But what often happens when a player is targeted, and particularly when targeted high, is that when evaluating the possibility of trading for the pick, the assessment that the player is “x” good is somewhat implicitly treated as if it is more of an objective valuation, and not just part of a heavily upside weighted but wide spread of ultimate possibility – aka – that player’s range of possible ultimate NFL performance.

On the other hand, giving away draft picks (and to a lesser extent, already established NFL players) is not a subjective evaluation: Although the player ultimately chosen at that selection number might turn out great or not so great, the value of the pick itself, is objective.

Thus, by confusing subjective evaluations or upside evaluations of a player’s pro potential with their true value – rather than part of their value which then has to be at least implicitly multiplied by various chances of less successful NFL performances – it’s easy to undervalue what’s being given up in terms of losing net picks – plural – in contrast with what’s actually being gained.

Examples of even just quarterbacks who didn’t turn out as expected, abound. And since there’s only 1 QB starter (and 3, sometimes 2, on the team total) of the 22 starters, they aren’t picked quite as much overall – at least somewhat in the earlier part of the draft – and high expectations usually come with high picks, which cuts down the total number further.

Robert Griffin III, along with Andrew Luck, were reasonably considered the two best QB prospects to come along in a decade. Griffin, taken No. 2 (and only because of the rarity that Luck came along in the same year, or Griffin would have been No. 1) was a near once in a generation phenom – and could still be – though he seems to have (temporarily?) regressed; and for a while, if likely overdone, wasn’t even considered starter quality by some. (And isn’t by a few still; while his upside, if probably still large, is now unclear after 3 seasons.)

Alex Smith, though at the time not considered quite as good as Winston or Mariota (but perhaps with less overall variability, although it’s hard to say since he was solid but mainly played out of the shotgun and didn’t seem to have quite their upside), was a No. 1 pick who for many years languished badly. Mark Sanchez, perhaps now underrated, perhaps not, was ultimately demoted as a starter, and now sits as a backup with Chip Kelly’s own team, the Eagles. He was a No. 4.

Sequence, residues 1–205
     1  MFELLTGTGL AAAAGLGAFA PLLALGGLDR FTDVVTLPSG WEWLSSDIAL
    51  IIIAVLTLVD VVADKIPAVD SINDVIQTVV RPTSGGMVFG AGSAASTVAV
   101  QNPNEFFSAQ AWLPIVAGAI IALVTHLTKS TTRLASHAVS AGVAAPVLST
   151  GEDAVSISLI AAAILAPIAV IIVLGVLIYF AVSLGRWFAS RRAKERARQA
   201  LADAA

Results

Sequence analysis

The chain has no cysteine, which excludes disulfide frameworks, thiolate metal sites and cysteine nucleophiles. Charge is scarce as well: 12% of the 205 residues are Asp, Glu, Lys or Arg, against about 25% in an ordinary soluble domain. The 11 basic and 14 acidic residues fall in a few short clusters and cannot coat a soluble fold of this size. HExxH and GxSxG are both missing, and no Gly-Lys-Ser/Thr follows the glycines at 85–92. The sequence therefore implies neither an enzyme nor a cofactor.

Josh Freeman? No team would even sign him last year. And the Dolphins just signed him for one, at essentially the league minimum. Yet he was a first round pick a few years ago. Christian Ponder also went No. 12 overall a few years ago, and is considered a backup at best, and certainly hasn’t performed as a starter. Jake Locker went No. 8 the same year. And although Locker seemed to play all-right (and may have been underrated because his team was lagging and he got hurt a lot) he’s now out of football, to, incredibly “work on his house.” (Slang for “I don’t want to play football,” one hopes – since he has a lifetime, as well as off days, offseasons, evenings, etc., to “work on [his] house.”)

There’s another key aspect here. Sure, some quarterbacks do help “make” the team. Peyton Manning, frankly, is probably the single most telling candidate for this (even if he hasn’t been as sensational in the playoffs or later last season), that ever played the modern game. Tom Brady is fantastic, and in part “makes the Patriots.” But the Patriots also help make him a little bit. And so it goes.

These, and a few others, are sensational quarterbacks, no doubt. But they are rare, and some of their ability is at least helped in part by the team (and coaches) who surround them. (In Manning’s case the latter seems to be even less than usual for great quarterbacks, since he’s like an instant information processing machine out on the field, and a “live” coach at the line of scrimmage during play.)

It’s hard to say what in terms of draft picks is worth giving up for a quarterback such as those rare few. (And even harder in terms of giving up veterans under contract, because while in some instance those veterans may not be completely replaceable, or at at least replaceable at cost, in most instance, unless it’s an over-performing early year player still under a highly undervalued rookie contract – their value is usually at least somewhat worked into their salary already.)